Publishers Clearing House Sued Over Deceptive Sweepstakes

Attorney General Spitzer today announced that he has filed a lawsuit against a major sweepstakes company over promotions that deceive thousands of Americans each year.

Publishers Clearing House (PCH) of Port Washington, New York, sells magazine subscriptions and other merchandise through direct mail solicitations sent to millions of American households nationally and throughout New York State.

PCH is accused of engaging in a pattern of deceptive tactics aimed at inducing recipients to believe that they are actual winners or to induce them to make purchases in order to enhance their chances of winning. Although the actual odds of winning its sweepstakes are generally no better than one in 50 million, PCH's envelopes and mailings use bold graphics and colors and print sizes to emphasize phrases such as "guaranteed winners" and "specially selected" and then bury certain disclaimers in small print.

"This sweepstakes company has engaged in an elaborate scheme to increase its bottom-line, financed on the backs of some of those least able to afford it -- the elderly," Spitzer said. "My office intends to vigorously fight to protect and vindicate the many consumers misled by the deceptive sweepstakes mailings and to substantially and permanently change the way all companies engage in prize award offers."

Spitzer alleges that PCH inundates some recipients with as many as 150 mailings per year. It is alleged that the solicitations are designed to confuse the offer of magazine subscriptions and merchandise with a chance to win a sweepstakes.

Specifically, Spitzer alleges that PCH solicitations include a variety of tactics that deceive consumers into believing they have won a prize including:

  • Using simulated internal memoranda, personal letters, greeting cards, photographs, handwritten notes to enhance the belief that a consumer needs to act quickly to receive their prize;
  • Using simulated official and governmental documents to trick consumers into believing the sweepstakes involves a federal or state agency or creates a false impression of urgency and importance;
  • Utilizing envelopes with official-looking emblems and large, bold print warnings and statements to disguise millions of identical "bulk-rate" mailings;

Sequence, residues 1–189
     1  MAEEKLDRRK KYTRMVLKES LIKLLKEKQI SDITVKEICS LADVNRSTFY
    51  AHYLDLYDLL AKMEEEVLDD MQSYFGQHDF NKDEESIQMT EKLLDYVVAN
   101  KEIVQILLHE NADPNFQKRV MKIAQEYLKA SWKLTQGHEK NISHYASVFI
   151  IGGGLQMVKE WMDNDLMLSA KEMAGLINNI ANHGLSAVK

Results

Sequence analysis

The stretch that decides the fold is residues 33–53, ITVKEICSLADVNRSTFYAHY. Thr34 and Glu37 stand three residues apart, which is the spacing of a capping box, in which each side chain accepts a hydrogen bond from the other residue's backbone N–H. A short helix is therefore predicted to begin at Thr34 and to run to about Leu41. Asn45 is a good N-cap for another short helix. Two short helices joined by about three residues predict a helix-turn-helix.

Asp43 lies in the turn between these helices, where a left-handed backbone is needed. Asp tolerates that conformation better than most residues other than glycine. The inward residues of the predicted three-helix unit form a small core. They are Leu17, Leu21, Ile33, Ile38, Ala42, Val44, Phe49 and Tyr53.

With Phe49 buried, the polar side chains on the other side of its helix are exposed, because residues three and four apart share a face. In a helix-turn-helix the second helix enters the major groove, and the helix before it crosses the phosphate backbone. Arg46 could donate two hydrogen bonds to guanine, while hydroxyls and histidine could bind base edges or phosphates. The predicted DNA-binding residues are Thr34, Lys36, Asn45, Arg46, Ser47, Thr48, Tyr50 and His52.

• Sending official looking documents to require consumers to provide information or give authorizations and approvals that would only be necessary if the consumer had actually won a prize;
  • Using simplified forms and reply envelopes to enter sweepstakes for consumers placing orders compared to the more complex forms for consumers entering without ordering; and
  • Requesting information from consumers placing orders that it does not request from consumers who do not order.
Spitzer's lawsuit requests that the court permanently bar PCH from its deceptive and unlawful sweepstakes and prize promotions and award the state full restitution for all consumers harmed by its sweepstakes. The suit also seeks civil penalties for violations of the deceptive acts statute and the state Prize Award Scheme Law, as well as an additional $10,000 for violations of a State law enacted to penalize frauds perpetrated against the elderly, and to pay the costs of the investigation.

This lawsuit stems from a lengthy multi-state investigation of the sweepstakes industry in which New York State took an aggressive lead role.

Individuals who believe they have been harmed by Publishers Clearing House sweepstakes are encouraged to contact the Attorney General's consumer help line at (800) 771-7755.

This case is being handled by Assistant Attorneys General Shirley Stark and Melissa Saren of the Consumer Frauds and Protection Bureau.


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